Wednesday, August 17, 2022

WATA sees significant drop in ridership during pandemic

The Williamsburg Area Transit Authority saw an eight percent decrease in total ridership last year but saw a 20 percent increase in paratransit riders. (WYDaily/File photo)
(WYDaily/File photo)

The Williamsburg Area Transit Authority has continued to provide limited operations for residents throughout the pandemic, but the past few months have also seen a significant decrease in ridership.

WATA has altered its operations and ridership since March to protect the health and safety of passengers. The alterations include a face mask requirement for passengers, separated seating to promote social distancing and passenger fares have been waived for the foreseeable future.

The buses also now limit capacity at 75 percent and operations have reduced hours, including a full closure on Sunday to clean and sanitize the vehicles. 

As a result ridership has gone down about 41 percent since March, said John Moore, WATA deputy director. While the numbers have started to increase slightly, the drop in ridership is still more significant than ever.

“I think that this is a very unique year in many different ways,” said Michele Canty, spokeswoman for WATA. “So we are going to be looking at [ridership numbers] on its own and look historically at where we’ve been.”

Summer is usually an extremely busy time of year for WATA operations because there are so many people coming for festivals, events and other tourist attractions. But now that area events are no longer happening, there are far fewer people using the transit system.

Canty said ridership numbers in a typical year would help the organization look at a number of different aspects, such as operation extensions and route frequency. But since the pandemic has caused operations to be so different, ridership numbers in the past few months aren’t necessarily a reliable tool.

“This has been completely different than anything we’ve anticipated,” she said. “I don’t know if we will be using ridership this year to make any key decisions.”

Canty said the hope is that ridership will rebound once operations get back to normal.

WATA has started forming a loose plan for resuming normal operations. The current plan is to continue the modified operations and fee suspension until October, at which point WATA plans to potentially resume normal operations depending on the situation in Virginia.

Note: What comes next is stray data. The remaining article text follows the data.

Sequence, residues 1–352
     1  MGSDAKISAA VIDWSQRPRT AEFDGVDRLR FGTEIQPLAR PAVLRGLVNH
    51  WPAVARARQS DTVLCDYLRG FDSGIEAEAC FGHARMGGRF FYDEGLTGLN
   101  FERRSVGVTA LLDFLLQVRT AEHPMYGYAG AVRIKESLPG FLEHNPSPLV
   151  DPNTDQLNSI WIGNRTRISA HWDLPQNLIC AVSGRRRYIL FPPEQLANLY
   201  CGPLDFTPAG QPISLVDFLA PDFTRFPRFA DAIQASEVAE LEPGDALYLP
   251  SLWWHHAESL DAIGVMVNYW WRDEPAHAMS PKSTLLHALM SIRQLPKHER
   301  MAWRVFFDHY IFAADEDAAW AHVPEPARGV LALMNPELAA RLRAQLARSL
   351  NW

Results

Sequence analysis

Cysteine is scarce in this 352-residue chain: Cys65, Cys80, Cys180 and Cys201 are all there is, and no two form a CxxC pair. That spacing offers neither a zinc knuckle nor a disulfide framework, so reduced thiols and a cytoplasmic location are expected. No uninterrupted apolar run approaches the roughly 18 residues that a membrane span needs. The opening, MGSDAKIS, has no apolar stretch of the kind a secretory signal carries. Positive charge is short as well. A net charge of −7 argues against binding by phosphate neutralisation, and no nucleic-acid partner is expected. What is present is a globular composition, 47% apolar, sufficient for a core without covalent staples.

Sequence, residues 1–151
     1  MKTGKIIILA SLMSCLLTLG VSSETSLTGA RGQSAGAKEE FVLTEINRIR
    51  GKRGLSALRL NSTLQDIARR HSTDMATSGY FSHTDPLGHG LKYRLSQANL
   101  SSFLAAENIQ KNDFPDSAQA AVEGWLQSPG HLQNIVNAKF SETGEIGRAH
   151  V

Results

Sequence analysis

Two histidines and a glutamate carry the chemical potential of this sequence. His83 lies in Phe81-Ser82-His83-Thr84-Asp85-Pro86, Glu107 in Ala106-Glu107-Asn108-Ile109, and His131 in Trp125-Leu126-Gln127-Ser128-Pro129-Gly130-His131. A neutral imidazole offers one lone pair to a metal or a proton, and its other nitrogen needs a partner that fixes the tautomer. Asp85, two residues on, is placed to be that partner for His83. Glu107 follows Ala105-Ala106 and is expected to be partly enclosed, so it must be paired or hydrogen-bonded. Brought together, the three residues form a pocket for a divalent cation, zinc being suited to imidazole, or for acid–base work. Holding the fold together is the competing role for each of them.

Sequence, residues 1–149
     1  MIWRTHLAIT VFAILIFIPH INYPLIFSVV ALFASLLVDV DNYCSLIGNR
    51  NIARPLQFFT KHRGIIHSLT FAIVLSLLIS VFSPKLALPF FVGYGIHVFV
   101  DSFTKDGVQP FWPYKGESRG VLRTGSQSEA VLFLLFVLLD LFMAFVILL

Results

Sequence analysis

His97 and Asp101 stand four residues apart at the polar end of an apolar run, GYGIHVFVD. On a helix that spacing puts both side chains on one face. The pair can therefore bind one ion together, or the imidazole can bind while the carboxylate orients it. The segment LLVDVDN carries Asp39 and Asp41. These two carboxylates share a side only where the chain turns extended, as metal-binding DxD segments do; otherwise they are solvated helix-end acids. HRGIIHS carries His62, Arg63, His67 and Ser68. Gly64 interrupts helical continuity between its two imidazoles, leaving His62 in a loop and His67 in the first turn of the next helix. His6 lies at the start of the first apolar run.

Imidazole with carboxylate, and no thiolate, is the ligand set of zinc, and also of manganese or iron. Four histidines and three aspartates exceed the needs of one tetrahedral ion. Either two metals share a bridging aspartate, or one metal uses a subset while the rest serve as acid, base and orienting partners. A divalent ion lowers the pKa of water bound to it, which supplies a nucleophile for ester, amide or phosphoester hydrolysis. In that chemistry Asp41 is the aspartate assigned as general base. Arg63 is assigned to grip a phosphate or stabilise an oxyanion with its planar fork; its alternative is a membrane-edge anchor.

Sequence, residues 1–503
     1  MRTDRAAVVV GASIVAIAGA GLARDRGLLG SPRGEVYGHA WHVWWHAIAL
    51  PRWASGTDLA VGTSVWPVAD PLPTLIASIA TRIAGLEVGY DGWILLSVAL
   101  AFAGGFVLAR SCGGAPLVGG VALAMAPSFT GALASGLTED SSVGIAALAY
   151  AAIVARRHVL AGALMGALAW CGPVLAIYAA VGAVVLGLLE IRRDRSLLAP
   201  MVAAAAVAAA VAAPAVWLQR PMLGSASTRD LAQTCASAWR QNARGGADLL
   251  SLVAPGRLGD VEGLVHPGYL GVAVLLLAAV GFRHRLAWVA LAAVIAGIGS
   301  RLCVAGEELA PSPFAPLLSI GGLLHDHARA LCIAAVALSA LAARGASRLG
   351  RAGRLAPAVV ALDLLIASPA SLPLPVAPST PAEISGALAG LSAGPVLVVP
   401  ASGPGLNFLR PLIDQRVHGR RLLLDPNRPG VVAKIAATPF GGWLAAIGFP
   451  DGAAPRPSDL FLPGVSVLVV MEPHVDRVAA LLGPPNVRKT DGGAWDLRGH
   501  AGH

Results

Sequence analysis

The organization has received $216,075 in grants from the state to offset the revenue lost from removing transportation fare. WATA also received $5,777,110 through the federal CARES act, which will be used to support operations over the next few years.

“I think the grants are critical to make sure we can continue operations safely and project our drives,” she said. “We’re not at the brink or anything but the funding we receive is vital to continue operations.”

WATA is also looking at ways it can continue to improve its sanitizing and cleaning processes. The organization currently contracts an outside business to perform sanitizing tasks which uses various microbial cleaning machines. Canty said WATA has started looking at how to get their own cleaning machines to help make the buses safer and operations move more efficiently. 

Zach Trogdon, WATA’s executive director, said many passengers are looking out for themselves and following guidance to wear facemasks and observe social distancing.

“It shows the character of our community and how we are committed to getting through this together,” he wrote in an email.

Canty said WATA will continue to monitor and update its practices moving forward but there isn’t a set guideline for what the future will hold. 

“I think WATA is really just trying to provide a service and do that as safely as possible,” she said. “It’s vital to ride out the storm because we don’t know how long it will last.”

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Alexa Doironhttp://wydaily.com
Alexa Doiron is a multimedia reporter for WYDaily. She graduated from Roanoke College and is currently working on a master’s degree in English at Virginia Commonwealth University. Alexa was born and raised in Williamsburg and enjoys writing stories about local flair. She began her career in journalism at the Warhill High School newspaper and, eight years later, still loves it. After working as a news editor in Blacksburg, Va., Alexa missed Williamsburg and decided to come back home. In her free time, she enjoys reading Jane Austen and playing with her puppy, Poe. Alexa can be reached at alexa@localvoicemedia.com.

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